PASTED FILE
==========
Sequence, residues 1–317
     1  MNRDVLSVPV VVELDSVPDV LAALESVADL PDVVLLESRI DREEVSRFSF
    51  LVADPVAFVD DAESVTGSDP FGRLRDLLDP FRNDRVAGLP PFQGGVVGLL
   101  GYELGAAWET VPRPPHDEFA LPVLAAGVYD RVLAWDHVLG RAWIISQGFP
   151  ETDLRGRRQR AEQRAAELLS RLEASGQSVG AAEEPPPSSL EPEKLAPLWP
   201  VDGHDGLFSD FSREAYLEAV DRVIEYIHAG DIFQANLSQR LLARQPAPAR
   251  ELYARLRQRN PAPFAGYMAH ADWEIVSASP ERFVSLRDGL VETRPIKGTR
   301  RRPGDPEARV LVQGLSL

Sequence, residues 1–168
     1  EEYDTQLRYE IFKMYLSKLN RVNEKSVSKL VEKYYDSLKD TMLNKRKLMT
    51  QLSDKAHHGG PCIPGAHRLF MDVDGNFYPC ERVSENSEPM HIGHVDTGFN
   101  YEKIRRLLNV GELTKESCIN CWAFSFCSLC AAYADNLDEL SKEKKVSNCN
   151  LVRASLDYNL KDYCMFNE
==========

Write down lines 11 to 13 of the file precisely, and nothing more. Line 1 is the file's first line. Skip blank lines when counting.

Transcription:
    51  QLSDKAHHGG PCIPGAHRLF MDVDGNFYPC ERVSENSEPM HIGHVDTGFN
   101  YEKIRRLLNV GELTKESCIN CWAFSFCSLC AAYADNLDEL SKEKKVSNCN
   151  LVRASLDYNL KDYCMFNE